I remember my first panic attack. I was in Grade 12, 17 years old and extremely ill from anorexia. I was attending school despite the fact that my weight was well under 100 pounds at close to 5’9″. I remember feeling driven. I remember feeling an intensity of moving forward that wouldn’t allow me to slow down or calm down. I had to keep “doing” and trying to be perfect at everything. I had to follow all my rules or something terrible would happen. I remember there was one day I had a math test. I believe it was Grade 12 Calculus or some other horrible subject. I had been doing well in school despite my illness. But that day somehow my brain just wouldn’t work. I remember sitting in the classroom, the desks were arranged in rows, one in front of the other with the blackboard at the front. I remember all the numbers and letters swimming around on the paper. I couldn’t breathe. I couldn’t think of how to solve the problems because everything was spinning and I felt like I was being crushed. I felt nauseous and I realized that I was about to cry. I remember bolting out of the room and into a stall in the girls bathroom. I remember sitting there crying, shaking and feeling terribly upset that I couldn’t do the test. My thoughts were racing around and I just wanted to go home. I remember another student from the class coming in to check on me (it was a male teacher). I remember being somehow glad she was there even though I was embarrassed. I made up some excuse about being sick and not being able to write the test. I think I went home. I wouldn’t have known at the time that it was a panic attack, but it was and it was probably related to extreme lack of nutrition and just pushing myself too hard on no fuel.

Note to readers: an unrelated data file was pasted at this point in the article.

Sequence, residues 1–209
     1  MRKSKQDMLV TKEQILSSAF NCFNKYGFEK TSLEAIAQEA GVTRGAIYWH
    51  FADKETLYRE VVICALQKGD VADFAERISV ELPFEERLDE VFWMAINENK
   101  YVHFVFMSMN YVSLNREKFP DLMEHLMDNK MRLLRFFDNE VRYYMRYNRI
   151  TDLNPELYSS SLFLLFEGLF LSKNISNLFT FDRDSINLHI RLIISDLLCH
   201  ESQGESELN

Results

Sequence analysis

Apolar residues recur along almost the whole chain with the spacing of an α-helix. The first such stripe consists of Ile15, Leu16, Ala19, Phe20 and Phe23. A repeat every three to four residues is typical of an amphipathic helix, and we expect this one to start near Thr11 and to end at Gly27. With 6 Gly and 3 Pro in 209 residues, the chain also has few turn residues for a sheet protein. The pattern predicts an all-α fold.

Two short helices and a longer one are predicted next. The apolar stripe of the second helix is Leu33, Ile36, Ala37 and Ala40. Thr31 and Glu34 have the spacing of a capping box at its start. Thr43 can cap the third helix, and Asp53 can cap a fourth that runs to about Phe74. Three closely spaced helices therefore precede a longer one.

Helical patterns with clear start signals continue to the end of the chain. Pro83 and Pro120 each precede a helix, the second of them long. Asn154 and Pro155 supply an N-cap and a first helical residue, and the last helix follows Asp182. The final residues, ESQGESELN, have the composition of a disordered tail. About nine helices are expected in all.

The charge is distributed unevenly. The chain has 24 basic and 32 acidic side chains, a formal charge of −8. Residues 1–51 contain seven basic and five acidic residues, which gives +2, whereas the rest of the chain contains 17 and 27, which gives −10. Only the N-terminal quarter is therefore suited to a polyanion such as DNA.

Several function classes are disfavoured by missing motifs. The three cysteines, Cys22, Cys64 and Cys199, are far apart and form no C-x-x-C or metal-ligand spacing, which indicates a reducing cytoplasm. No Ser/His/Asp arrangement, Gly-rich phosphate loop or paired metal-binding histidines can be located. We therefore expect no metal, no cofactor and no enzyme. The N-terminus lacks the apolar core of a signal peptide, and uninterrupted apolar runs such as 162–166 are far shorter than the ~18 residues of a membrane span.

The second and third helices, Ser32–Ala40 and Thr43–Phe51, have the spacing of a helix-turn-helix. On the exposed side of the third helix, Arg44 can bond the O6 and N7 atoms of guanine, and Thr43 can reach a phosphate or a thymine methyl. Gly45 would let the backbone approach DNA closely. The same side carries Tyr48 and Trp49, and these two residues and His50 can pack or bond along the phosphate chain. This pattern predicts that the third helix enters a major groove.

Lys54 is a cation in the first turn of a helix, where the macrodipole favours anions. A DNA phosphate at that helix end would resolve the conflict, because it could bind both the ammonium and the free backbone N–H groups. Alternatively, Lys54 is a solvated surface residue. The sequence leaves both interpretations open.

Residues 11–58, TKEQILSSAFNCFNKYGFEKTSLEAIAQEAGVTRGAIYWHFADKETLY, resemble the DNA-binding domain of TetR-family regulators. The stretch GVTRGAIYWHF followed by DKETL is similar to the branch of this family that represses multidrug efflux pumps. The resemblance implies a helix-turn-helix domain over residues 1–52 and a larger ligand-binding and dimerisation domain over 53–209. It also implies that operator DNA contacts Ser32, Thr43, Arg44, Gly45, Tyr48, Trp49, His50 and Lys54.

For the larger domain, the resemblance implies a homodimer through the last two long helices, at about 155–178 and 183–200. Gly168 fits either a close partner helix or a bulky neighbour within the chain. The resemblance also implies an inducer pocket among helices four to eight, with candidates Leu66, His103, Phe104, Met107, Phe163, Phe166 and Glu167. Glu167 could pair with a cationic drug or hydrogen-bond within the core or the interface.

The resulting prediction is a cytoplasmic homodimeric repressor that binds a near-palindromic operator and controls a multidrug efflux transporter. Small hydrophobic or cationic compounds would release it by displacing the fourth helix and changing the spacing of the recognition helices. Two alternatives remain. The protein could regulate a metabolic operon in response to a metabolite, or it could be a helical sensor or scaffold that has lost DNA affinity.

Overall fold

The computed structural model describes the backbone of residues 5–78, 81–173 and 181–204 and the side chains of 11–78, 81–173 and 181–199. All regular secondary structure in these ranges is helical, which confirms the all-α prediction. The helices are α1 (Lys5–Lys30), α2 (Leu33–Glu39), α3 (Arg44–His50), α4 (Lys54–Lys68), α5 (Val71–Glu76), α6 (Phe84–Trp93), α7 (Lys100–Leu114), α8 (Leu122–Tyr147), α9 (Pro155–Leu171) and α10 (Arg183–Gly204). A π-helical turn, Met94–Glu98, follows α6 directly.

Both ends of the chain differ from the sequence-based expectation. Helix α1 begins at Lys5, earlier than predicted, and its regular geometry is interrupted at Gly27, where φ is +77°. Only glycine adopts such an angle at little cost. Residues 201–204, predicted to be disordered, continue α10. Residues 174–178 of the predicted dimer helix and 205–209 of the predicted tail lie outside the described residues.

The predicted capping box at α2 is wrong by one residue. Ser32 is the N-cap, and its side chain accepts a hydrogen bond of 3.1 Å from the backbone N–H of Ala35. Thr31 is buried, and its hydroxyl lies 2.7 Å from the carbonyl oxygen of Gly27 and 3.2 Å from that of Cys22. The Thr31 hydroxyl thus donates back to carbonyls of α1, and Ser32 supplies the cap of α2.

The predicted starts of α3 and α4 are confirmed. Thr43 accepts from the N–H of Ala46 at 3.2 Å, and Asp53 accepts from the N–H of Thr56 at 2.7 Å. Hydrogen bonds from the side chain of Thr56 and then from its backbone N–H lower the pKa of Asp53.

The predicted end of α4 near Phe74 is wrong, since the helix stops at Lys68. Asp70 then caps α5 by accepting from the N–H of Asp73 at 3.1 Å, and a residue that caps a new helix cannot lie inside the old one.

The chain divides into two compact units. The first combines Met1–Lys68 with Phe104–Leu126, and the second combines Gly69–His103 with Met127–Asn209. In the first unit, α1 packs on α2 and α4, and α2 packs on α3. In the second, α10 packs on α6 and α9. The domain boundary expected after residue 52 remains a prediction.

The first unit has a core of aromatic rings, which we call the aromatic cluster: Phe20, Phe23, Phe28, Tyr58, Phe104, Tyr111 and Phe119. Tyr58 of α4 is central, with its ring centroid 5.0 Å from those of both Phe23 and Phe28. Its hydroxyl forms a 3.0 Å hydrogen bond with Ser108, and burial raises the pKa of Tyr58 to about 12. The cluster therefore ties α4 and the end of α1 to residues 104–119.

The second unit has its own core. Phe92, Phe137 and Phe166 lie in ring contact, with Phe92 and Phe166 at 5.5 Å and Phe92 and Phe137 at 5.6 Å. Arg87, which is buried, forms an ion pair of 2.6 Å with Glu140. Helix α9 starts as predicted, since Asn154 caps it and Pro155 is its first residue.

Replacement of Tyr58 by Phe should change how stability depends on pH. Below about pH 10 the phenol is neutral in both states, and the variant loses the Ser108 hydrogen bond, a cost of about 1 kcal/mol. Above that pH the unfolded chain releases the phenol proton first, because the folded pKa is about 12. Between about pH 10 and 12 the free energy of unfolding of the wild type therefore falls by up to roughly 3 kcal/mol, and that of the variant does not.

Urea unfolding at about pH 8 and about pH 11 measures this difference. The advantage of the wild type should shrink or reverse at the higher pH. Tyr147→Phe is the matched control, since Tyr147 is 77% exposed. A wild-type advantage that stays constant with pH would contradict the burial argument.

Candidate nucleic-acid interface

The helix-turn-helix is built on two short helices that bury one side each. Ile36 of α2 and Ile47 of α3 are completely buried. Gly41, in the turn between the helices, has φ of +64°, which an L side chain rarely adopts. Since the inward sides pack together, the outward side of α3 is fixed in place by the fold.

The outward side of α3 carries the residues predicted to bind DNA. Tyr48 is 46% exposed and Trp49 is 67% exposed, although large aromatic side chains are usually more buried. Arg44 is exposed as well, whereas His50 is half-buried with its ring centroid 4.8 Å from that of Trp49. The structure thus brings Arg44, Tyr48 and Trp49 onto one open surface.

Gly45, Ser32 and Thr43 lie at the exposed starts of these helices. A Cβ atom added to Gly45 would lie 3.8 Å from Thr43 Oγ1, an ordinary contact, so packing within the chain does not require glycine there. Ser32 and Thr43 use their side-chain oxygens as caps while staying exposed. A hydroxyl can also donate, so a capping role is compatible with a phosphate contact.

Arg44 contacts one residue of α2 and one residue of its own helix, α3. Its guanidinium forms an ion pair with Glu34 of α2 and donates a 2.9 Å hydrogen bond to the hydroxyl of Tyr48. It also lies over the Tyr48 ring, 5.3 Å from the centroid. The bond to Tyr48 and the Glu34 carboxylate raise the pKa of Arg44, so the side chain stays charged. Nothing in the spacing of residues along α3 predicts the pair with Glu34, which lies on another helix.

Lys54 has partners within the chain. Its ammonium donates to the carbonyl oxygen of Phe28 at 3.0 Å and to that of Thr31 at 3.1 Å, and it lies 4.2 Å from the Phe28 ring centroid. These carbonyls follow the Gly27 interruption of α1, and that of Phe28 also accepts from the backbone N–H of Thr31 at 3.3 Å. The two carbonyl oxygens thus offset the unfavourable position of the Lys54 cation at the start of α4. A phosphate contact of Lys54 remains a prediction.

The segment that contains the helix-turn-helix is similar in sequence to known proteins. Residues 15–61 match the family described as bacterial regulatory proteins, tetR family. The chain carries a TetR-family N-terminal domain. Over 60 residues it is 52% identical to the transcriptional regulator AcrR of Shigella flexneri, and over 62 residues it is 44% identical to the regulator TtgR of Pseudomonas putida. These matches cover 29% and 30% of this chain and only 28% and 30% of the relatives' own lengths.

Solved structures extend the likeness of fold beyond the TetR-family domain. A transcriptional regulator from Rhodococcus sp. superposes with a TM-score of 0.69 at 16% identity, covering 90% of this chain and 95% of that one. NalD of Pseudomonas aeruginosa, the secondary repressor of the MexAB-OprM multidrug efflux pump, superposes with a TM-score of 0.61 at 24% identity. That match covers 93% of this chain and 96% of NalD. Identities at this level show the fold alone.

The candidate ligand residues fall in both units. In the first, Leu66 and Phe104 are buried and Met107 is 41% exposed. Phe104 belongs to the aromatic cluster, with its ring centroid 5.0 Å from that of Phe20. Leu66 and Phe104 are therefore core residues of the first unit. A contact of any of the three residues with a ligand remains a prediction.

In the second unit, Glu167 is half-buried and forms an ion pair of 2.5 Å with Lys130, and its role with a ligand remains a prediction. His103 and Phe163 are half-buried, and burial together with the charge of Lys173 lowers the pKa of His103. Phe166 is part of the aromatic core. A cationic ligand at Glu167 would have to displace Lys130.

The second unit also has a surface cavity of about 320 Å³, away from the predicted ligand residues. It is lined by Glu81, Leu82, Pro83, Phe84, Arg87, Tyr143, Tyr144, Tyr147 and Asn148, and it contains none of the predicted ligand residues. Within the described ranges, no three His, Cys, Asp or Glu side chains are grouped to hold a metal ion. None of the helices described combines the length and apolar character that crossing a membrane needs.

I remember the first time I cut myself as a coping technique for stress. I was about 18 years old. I had just started taking SSRI medication for depression and anxiety after about 2 years of fighting with my parents and my doctors. I never wanted to take medication. I think deeply and instinctively I must have known that my mental health problems were situational, but that knowledge was too terrifying to face, so I blocked it out. The first time I engaged in cutting I used a pair of scissors that I kept in my bedroom. I used to make just one small cut. I would do it once a week in the exact same place, just under where the band of my watch lay. So I could hide it carefully. It was ritualistic, very controlled. I don’t remember exactly why I started doing this. It became part of my routine as I gained weight and somewhat normalized my eating behaviour. I needed something else to help block out the memories of the abuse.